Global environmental challenges
from Tales from the Trail:
The great thing about presidential commissions is that they can soberly consider complicated matters and then offer unvarnished reports on what to do. The tough part is when that information rockets around Washington, as occurred after a White House commission issued its final report on the BP disaster in the Gulf of Mexico.
The "Deep Water" report, apparently titled in reference to the doomed BP Deepwater Horizon rig, blames the deadly blowout and oil spill on government and industry complacency, and recommends more regulation of offshore drilling and a new independent safety agency. But as my colleague Ayesha Rascoe reports, the commission lacks the authority to establish drilling policies or punish companies.
Within minutes of the report's release, and even as commission co-chair William Reilly was bragging about bringing the report in on time and under budget, interest groups started the PR barrage, with industry critical and environmental outfits largely complimentary. Two Democratic members of Congress said they'd introduce legislation to implement the commission's recommendations.
Will that legislation go anywhere? Industry analysts are doubtful. To get an idea of how much action can be prompted by White House panels, it's useful to take a look at two previous ones.
from Reuters Investigates:
Sarah McBride reports on brewing battles between environmentalists in her special report: "With solar power, it's Green vs. Green."
It turns out the perfect place to build a big solar plant is often also the perfect place for a tortoise or a fox to live. This means developers of large-scale solar plants are running into legal challenges from people who one would expect to be natural allies of alternative energy providers.
NTR’s Tessera Solar has sold its 663.5-megawatt Calico solar power project to K Road Power less than a week after utility Southern California Edison canceled a long-standing contract to buy electricity from the power plant that was to be built in the Mojave Desert.
Terms of the sale were not disclosed.
The deal is the latest twist for Calico, which nine weeks ago won approval from California and federal regulators after being put on a fast track so as to qualify for then-expiring tax incentives for renewable energy projects.
Traffic jams could start to get quieter in 2012 when Ford begins to install its Auto Start-Stop technology on gasoline-powered cars sold in North America.
The technology, currently used on hybrid Ford vehicles, cuts off the engine when a car is stopped at a traffic light and switches it back on when the driver’s foot leaves the brake pedal.
In a sign of the potential strength of the nascent electric truck market in the United States, the American division of the U.K.’s Smith Electric Vehicles has acquired its parent company.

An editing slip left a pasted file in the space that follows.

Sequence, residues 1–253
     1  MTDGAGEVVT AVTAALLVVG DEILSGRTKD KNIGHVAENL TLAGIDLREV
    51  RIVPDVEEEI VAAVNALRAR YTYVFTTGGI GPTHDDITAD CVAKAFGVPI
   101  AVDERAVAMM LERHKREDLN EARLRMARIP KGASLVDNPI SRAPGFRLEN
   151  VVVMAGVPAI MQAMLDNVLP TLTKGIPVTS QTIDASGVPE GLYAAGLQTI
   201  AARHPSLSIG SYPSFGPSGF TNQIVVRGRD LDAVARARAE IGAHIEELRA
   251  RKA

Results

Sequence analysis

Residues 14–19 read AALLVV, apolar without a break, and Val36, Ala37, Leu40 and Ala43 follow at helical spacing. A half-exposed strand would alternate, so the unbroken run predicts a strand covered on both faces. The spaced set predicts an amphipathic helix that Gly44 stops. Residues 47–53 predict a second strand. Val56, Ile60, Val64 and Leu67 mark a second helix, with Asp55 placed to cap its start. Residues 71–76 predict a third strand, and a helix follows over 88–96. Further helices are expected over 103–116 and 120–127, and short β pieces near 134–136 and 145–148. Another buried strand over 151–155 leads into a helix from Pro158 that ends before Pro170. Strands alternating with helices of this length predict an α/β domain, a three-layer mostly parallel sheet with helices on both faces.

Smith Electric Vehicles U.S. bought a majority ownership stake in its parent for $15 million from the Tanfield Group, a publicly traded company. Tanfield will retain a 49 percent ownership share of Smith.
Energy storage isn’t as sexy as solar projects that offer opportunities to cut ribbons on shiny futuristic technology. Nor does it attract the billions in federal loan guarantees and incentives awarded to wind farms and photovoltaic power plants.
But utilities and the government are increasingly recognizing that energy storage systems are crucial to integrating intermittent renewable energy projects into the smart grid.
Days after solar cell maker SpectraWatt notified New York authorities that it will shut down its seven-month-old factory and lay off 117 employees, China’s Trina Solar announced Monday that it will invest $800 million in new manufacturing plants over the next three years.
The move by Trina underscores just how difficult it has become for solar startups in the United States to compete against the massive investment being poured into Chinese photovoltaic module makers.
NTR’s Tessera Solar has suffered a major setback with the loss of a 663.5-megawatt power purchase agreement with utility Southern California Edison for its Calico solar power plant project.
The abrupt cancellation of the five-year-old contract comes just eight weeks after California and federal officials approved Calico, which they put on a fast track so Tessera could qualify for lucrative government incentives for large-scale renewable energy projects.
As competition with low-cost Chinese photovoltaic module makers intensifies, SpectraWatt, a solar startup spun out of Intel, has notified New York officials that it will shut down its factory in March and lay off 117 workers, according to a filing with the state’s Department of Labor.
The closure of the East Fishkill, N.Y., plant comes seven months after it opened and less than three years after SpectraWatt launched with a $50 million investment lead by Intel Capital, the chip giant’s investing arm. Other investors included Goldman Sachs, PCG Clean Energy and Technology Fund and German solar company Solon. Most of those investors also backed a $41.4 million round of funding for SpectraWatt announced in March.
The United States Energy Information Agency has released its preliminary forecast for the nation’s energy market in 2035 and it paints a picture of rising greenhouse gas emissions and an economy locked into a dependence on fossil fuels.
In a scenario sure to give nightmares to those concerned about climate change, the agency predicts that coal will supply 43 percent of the U.S.’s electricity demand in 2035, down just two percent from 2009. Natural gas’s share of the market rises slightly to 25 percent while nuclear provides 17 percent of the nation’s electricity in 2035, down from 20 percent today. Renewable energy production rises from 10 percent to 14 percent.